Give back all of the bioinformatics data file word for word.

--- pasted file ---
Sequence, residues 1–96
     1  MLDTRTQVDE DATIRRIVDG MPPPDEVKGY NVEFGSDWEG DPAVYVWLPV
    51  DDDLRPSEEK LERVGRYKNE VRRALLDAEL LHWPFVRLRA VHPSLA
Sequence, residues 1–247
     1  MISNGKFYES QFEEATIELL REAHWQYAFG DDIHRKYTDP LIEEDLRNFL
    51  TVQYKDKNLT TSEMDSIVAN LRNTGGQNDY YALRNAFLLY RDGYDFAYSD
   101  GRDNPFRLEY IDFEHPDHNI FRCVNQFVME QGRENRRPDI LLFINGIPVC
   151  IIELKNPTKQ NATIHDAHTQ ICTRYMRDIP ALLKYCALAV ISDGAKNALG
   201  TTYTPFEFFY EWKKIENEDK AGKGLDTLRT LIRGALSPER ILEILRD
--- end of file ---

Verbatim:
Sequence, residues 1–96
     1  MLDTRTQVDE DATIRRIVDG MPPPDEVKGY NVEFGSDWEG DPAVYVWLPV
    51  DDDLRPSEEK LERVGRYKNE VRRALLDAEL LHWPFVRLRA VHPSLA
Sequence, residues 1–247
     1  MISNGKFYES QFEEATIELL REAHWQYAFG DDIHRKYTDP LIEEDLRNFL
    51  TVQYKDKNLT TSEMDSIVAN LRNTGGQNDY YALRNAFLLY RDGYDFAYSD
   101  GRDNPFRLEY IDFEHPDHNI FRCVNQFVME QGRENRRPDI LLFINGIPVC
   151  IIELKNPTKQ NATIHDAHTQ ICTRYMRDIP ALLKYCALAV ISDGAKNALG
   201  TTYTPFEFFY EWKKIENEDK AGKGLDTLRT LIRGALSPER ILEILRD